Following his groundbreaking career, Nikola Tesla descended into poverty and mental illness before dying on January 7, 1943.
Throughout his life, Nikola Tesla sought to solve some of science’s greatest mysteries. The brilliant inventor had lived a remarkable life — churning out innovations like alternating-current electricity and presciently imagining a world of “wireless communication.”
But when he died alone and broke in 1943 in New York City, he left behind a wealth of mysteries and what-ifs.
In short order, U.S. government agents promptly swept into the hotel where Tesla had been living and gathered his notes and files. Many believe they were looking for evidence of Tesla’s “death ray,” a device he had been teasing for years that could change warfare forever, as well as any other inventions they could find.
This is the story of Nikola Tesla’s death, the sad final chapter that preceded it, and the enduring mystery of his missing files.
How Did Nikola Tesla Die?
Nikola Tesla died on January 7, 1943, on the 33rd floor of the Hotel New Yorker in Manhattan. He was 86 and had been living in small hotel rooms like this for decades. His cause of death was coronary thrombosis.
By then, much of the excitement around Tesla’s inventions had faded. He had lost the race to invent the radio to Italian inventor Guglielmo Marconi in 1901, and his financial support from investors like J.P. Morgan had dried up.
As the world withdrew from Tesla, Tesla withdrew from the world. By 1912, he had become increasingly compulsive. He counted his steps, insisted on having 18 napkins on the table, and became obsessed with cleanliness as well as the numbers 3, 6, and 9.
Still, Tesla found companionship — of a sort.
Bouncing from cheap hotel to cheap hotel, Tesla began spending more time with pigeons than with humans. One white pigeon caught his eye. “I love that pigeon as a man loves a woman,” Tesla wrote. “As long as I had her, there was a purpose to my life.”
The white pigeon died in one of his dreams in 1922 — her eyes like “two powerful beams of light” — and Tesla felt sure that he was done, too. At the time, he told friends that he believed that his life’s work was finished.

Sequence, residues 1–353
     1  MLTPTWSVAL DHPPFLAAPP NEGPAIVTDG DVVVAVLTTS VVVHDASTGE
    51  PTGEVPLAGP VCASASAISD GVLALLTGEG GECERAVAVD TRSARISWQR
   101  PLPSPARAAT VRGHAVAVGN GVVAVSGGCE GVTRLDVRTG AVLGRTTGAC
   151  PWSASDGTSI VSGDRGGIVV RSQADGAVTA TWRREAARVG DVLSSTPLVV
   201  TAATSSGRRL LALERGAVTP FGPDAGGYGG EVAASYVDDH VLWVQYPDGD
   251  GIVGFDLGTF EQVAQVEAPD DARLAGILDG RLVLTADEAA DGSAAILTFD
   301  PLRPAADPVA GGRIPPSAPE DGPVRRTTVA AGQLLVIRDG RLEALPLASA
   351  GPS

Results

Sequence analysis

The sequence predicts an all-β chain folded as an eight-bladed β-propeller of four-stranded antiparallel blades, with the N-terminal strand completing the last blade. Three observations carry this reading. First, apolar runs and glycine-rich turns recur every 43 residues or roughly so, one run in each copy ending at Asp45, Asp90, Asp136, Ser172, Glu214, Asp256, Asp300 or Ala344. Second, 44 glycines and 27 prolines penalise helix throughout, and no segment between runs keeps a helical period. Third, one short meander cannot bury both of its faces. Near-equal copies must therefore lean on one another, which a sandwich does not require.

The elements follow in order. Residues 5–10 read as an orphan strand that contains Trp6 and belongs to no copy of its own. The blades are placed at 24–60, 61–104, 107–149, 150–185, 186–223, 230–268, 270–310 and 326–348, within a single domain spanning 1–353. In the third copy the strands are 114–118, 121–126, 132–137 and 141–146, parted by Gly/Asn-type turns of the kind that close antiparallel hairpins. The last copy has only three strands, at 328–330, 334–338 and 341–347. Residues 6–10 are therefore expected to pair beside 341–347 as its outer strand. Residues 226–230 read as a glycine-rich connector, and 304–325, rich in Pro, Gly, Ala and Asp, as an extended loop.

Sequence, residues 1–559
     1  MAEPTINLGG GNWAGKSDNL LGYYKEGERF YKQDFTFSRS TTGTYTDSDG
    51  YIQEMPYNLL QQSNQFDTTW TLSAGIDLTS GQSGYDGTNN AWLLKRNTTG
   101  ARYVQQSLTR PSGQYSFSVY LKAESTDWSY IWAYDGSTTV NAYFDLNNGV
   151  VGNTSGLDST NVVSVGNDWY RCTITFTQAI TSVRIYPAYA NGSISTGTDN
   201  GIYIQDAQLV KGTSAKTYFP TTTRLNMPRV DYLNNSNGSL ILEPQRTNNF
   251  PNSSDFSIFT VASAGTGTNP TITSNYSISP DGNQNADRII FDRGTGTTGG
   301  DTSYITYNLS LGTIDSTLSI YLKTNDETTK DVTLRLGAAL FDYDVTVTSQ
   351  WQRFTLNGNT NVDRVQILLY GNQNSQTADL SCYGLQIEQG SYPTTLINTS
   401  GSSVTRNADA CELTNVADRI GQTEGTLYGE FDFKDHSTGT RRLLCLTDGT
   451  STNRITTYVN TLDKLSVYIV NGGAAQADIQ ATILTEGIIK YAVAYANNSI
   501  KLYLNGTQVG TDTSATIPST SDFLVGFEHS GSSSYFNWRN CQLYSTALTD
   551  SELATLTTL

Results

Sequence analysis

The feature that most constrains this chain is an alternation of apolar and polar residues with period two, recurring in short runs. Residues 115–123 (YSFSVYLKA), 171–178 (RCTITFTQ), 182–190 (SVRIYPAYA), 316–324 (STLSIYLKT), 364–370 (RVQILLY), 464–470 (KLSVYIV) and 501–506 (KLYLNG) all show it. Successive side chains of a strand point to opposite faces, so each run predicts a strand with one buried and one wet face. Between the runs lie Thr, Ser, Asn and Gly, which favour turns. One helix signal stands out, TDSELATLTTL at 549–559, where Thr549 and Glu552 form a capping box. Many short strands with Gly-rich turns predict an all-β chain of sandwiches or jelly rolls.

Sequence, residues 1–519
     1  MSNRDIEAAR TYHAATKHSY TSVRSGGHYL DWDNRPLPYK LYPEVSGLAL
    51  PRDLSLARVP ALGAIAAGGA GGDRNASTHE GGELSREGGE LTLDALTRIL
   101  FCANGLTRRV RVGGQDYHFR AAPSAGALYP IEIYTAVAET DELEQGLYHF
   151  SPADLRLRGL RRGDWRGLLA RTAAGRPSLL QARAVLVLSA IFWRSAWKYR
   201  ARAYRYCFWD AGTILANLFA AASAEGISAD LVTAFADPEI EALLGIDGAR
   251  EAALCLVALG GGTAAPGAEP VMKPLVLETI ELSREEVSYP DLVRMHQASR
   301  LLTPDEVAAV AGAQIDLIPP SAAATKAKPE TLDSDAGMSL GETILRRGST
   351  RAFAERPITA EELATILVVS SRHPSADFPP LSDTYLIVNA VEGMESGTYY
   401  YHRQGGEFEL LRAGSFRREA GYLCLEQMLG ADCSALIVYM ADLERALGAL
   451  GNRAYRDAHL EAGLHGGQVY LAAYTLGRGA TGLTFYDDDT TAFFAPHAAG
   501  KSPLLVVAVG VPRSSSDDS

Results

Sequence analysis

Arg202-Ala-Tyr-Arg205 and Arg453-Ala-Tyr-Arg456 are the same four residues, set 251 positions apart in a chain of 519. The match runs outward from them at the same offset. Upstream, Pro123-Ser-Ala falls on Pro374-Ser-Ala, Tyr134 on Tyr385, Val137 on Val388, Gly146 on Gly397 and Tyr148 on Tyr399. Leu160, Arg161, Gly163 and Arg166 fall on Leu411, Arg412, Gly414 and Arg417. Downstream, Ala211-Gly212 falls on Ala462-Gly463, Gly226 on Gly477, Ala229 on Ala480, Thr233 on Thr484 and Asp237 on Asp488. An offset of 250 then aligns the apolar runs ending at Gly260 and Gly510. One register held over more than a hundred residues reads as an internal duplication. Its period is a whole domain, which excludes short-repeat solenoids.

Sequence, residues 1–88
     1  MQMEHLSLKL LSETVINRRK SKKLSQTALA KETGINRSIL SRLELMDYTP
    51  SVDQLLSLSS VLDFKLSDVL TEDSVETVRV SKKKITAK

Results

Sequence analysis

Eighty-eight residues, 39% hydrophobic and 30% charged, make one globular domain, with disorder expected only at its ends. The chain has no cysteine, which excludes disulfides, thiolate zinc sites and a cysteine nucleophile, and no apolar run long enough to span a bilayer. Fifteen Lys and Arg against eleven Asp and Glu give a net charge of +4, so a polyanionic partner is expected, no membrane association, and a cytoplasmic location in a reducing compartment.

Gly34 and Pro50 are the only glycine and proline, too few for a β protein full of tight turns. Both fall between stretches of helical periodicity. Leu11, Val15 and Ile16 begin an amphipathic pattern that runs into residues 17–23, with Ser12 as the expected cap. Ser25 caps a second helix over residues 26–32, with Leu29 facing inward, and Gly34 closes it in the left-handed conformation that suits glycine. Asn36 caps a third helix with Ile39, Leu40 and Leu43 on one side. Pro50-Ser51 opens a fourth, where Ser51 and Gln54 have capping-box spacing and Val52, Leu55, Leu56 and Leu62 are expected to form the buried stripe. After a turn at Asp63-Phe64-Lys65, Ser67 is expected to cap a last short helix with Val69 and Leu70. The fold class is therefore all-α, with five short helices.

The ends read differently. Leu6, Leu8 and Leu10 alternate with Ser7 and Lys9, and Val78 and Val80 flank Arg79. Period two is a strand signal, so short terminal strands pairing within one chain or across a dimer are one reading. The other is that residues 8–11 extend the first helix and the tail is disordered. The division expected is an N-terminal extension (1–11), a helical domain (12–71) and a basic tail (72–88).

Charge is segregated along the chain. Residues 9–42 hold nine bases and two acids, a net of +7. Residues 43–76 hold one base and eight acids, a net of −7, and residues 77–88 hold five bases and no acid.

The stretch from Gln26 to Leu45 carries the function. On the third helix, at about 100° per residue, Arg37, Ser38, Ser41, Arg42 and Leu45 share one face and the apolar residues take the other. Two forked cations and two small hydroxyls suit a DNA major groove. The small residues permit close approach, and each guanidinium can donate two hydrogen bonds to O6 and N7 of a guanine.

Yet, he continued to work and feed New York City’s pigeons for 20 more years.
Nikola Tesla’s inventions, however, would leave behind a legacy that would capture imaginations for decades — and a mystery that is still missing a few pieces.
His Mysterious ‘Death Ray’ And Other Sought-After Inventions
After Nikola Tesla’s death, his nephew, Sava Kosanović, rushed to the Hotel New Yorker. He came upon an unsettling sight. Not only was his uncle’s body gone, but it also seemed that someone had removed many of his notes and files.
In fact, representatives from the Office of Alien Property Custodian, a relic from the federal government during World War I and II, had been to Tesla’s room and took multiple files for examination.
The representatives were looking for research on super-weapons like Tesla’s “death ray,” fearful that Kosanović or others may have planned to take that research and provide it to the Soviets.
Tesla claimed to have created — in his head, if not in reality — inventions that could change warfare. In 1934, he described a particle-beam weapon or “death ray” that could knock 10,000 enemy airplanes from the sky. In 1935, at his 79th birthday party, Tesla said that he had also invented a pocket-sized oscillation device that could level the Empire State Building.
Tesla’s inventions were meant to promote peace, not war, however, and he had even tried to dangle them in front of the world’s governments during his life. Only the Soviet Union seemed interested. They gave Tesla a check for $25,000 in exchange for some of his plans.
Now, the U.S. government wanted access to those plans, too. Officials naturally took an abiding interest in the “death ray,” which could have tipped the balance of power in future conflicts.
Why The Mystery Of The Missing Files Didn’t End With Nikola Tesla’s Death
Three weeks after Nikola Tesla’s death, the government tasked MIT scientist John G. Trump — former President Donald Trump’s uncle — with evaluating Tesla’s papers.
Trump looked for “any ideas of significant value.” He rifled through Tesla’s papers and declared that Tesla’s notes were “primarily of a speculative, philosophical and promotional character.”
That is, they did not include actual plans for creating any of the inventions that he had described.
Apparently satisfied, the U.S. government sent Tesla’s files to his nephew in 1952. But, although they had seized 80 cases, Kosanović received just 60. “Maybe they packed the 80 into 60,” speculated Tesla biographer Marc Seifer. “But there is the possibility that… the government did keep the missing trunks.”
Still, during the Cold War, between the 1950s and 1970s, government officials feared that the Soviets had obtained Tesla’s more explosive research.
That fear was part of the inspiration for the Reagan Administration’s Strategic Defense Initiative — or “Star Wars program” — in 1984.
A 2016 Freedom of Information Act request sought to find answers — and got a few. The FBI declassified hundreds of pages of Tesla’s files. But could they still be holding onto Tesla’s more dangerous inventions, if they even existed?
It’s a mystery that — like his brilliance — endures long after Nikola Tesla’s death.